How Stress Affects Your Immune System (And how you can manage stress naturally and effectively)
Let’s get the bad news out of the way first: According to a nationwide survey, stress and anxiety levels have increased significantly for adults of all ages since January of 2020. The good news is that decades of established scientific research give us an excellent understanding of how stress affects the immune system and what tools and tactics are the best solutions for treating stress and anxiety. In this article we’ll explore the nature of stress and the effects on immune system function, plus what scientific research shows about the most popular stress management techniques, with a detailed look at two specific ingredients that are popular in stress reducing supplements.
Stress and Your Immune System
Stress affects the immune system by direct and indirect processes. Directly, sympathetic nerves connecting the brain to the immune system transmit signals which affect the production, responses, and effectiveness of immune components. Indirectly, people experiencing stress tend to engage in behavior that has negative effects on the immune system. Changes in sleep patterns, diet, or increased alcohol consumption all have the potential to modify the immune system’s processes.
As early as 1998 it was also observed that the symptoms of stress affects the immune system by replicating the symptoms of illness. Decreased appetite, aches and pains, and fatigue are all symptoms shared between stress and sickness. Numerous studies link chronic stress to higher rates of diseases associated with inadequate immunity responses (like infections) as well as diseases associated with excessive immune activity (like autoimmune disorders and allergies). So, with chronic stress as a correlating factor in illness susceptibility it is imperative we defend ourselves from stress with the same vigilance we use to protect ourselves from germs and pathogens.
But what stress management technique is most effective?
What Science Says about Stress Management:
Increased physical activity is one of the most commonly studied stress management tactics. Aerobic exercise has been touted as the best exercise for treating depression and anxiety, with only five minutes needed to begin stimulating anti-anxiety effects. The neurochemical effects of exercise (like the reduction of stress hormones and an increase in endorphins) are bolstered by the behavioral/emotional benefits of exercise (like increased stamina, strength, and better sleep) for a well-rounded collection of physical and emotional benefits.
Mindfulness (including practices like meditation, deep breathing, and daily journaling) is a less physically demanding way to deal with stress and it has been shown to reduce stress as well as treat anxiety and depression. In a study of medical students practicing mindfulness techniques during their stressful exam season, the mindful students saw fewer negative effects on their immune system when compared to their un-mindful counterparts.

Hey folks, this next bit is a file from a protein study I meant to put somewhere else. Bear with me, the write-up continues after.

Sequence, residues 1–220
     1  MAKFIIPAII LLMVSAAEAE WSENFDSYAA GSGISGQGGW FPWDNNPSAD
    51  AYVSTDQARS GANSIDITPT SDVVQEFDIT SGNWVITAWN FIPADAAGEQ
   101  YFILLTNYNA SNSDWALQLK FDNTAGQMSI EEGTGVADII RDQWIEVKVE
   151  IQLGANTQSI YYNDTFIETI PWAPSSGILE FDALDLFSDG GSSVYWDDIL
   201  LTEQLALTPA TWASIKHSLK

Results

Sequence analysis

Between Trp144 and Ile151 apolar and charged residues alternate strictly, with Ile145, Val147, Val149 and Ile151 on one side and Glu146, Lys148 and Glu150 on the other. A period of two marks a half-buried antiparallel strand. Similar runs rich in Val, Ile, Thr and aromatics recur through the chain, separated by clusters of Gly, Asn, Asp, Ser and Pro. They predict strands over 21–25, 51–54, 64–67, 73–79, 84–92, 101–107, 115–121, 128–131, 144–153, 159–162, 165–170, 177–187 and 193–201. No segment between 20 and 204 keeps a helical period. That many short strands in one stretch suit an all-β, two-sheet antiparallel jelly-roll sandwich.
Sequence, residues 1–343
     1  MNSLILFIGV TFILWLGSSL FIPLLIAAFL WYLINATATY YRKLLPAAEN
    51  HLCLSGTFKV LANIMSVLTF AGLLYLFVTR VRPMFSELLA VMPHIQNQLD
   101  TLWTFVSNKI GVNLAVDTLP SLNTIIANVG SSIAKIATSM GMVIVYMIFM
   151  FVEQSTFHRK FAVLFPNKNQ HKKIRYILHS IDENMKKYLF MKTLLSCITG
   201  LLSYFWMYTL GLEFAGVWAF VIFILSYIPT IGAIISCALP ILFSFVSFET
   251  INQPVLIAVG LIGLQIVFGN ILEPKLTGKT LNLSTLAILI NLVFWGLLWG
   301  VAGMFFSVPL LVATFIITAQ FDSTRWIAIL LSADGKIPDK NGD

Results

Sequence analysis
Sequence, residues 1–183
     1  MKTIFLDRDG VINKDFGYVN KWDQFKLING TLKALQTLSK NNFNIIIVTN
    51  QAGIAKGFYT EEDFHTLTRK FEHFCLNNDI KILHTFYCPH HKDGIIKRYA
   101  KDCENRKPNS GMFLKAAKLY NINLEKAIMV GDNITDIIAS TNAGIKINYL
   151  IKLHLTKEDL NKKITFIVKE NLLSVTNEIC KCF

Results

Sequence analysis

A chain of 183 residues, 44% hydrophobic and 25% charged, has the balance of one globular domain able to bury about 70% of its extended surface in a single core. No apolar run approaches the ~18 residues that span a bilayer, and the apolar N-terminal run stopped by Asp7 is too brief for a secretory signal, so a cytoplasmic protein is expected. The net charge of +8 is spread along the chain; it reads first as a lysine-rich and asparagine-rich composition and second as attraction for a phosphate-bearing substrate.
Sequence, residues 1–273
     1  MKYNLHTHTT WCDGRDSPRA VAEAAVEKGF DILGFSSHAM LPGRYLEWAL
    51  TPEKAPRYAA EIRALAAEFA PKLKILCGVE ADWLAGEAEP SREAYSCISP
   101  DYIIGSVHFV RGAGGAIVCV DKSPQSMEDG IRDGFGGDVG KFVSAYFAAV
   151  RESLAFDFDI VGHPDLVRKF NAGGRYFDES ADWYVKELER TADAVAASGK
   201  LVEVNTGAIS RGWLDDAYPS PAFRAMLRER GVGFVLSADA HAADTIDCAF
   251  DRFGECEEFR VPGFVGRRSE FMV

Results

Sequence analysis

Diets, Supplements, Medication, and Holistic Remedies all fall into a category of attempting to manage stress through the selective ingestion of nutrients, minerals, and/or medicines. With so many different options for people looking to reduce their stress it’s hard to know what ingredients/nutrients are scientifically proven to make a difference in stress levels.
But what nutrients have been scientifically proven to help with stress?
Supporting Nerve Function
Aids Muscle Function
Natural Sleep Support
Magnesium and Stress
Playing a key part in over 300 chemical processes in the body, a lack of magnesium can lead to depleted energy, reduced physical power, and muscle cramps or spasms. Chronic magnesium deficiency has also been linked to reduced bone density, increased risk of anemia, depression, and irregular heart rate. Magnesium also plays a crucial role in managing stress by supporting deeper sleep and relaxation through the maintenance of healthy levels of GABA (a neurotransmitter). Magnesium is not produced by the body, so most people get this essential nutrient through the food they eat. However, dietary surveys of the population indicate that about 70% of people are not consuming enough magnesium in their diets. Since magnesium is crucial for muscle function and lost through sweat, people adding physical activity to their stress management practices should be especially conscious of getting enough magnesium for their body.
Tart Cherry and Sleep
While some people take melatonin (a hormone that helps regulate the sleep cycle) to help them get to sleep, the consumption of Tart Cherry encourages the natural production of melatonin internally. According to this study, adults who consumed tart cherry saw an increase in their natural melatonin levels and sleep efficiency. Tart cherry is also good for inflammation and pain reduction. Research from the Oregon Health and Sciences University demonstrated tart cherry consumption reduced inflammation biomarkers found in study participants. Tart Cherry works with the body’s natural relaxation functions, rather than just supplementing melatonin volume.
Since over 80% of adults report experiencing sleep difficulties as a result of stress, and changes to sleep patterns can alter immune function, it is crucial to prioritize quality sleep as part of any stress management plan.
The ties between stress and immune health are clear, but the techniques you choose to use in dealing with stress are personal. Adjusting your lifestyle to include increased physical activity, a mindfulness practice, and supplemental consumption of Magnesium and Tart Cherry are all effective options supported by scientific research. So, take a deep breath and feel confident that you have the knowledge you need to make informed choices about how to best reduce your stress and support your immune system.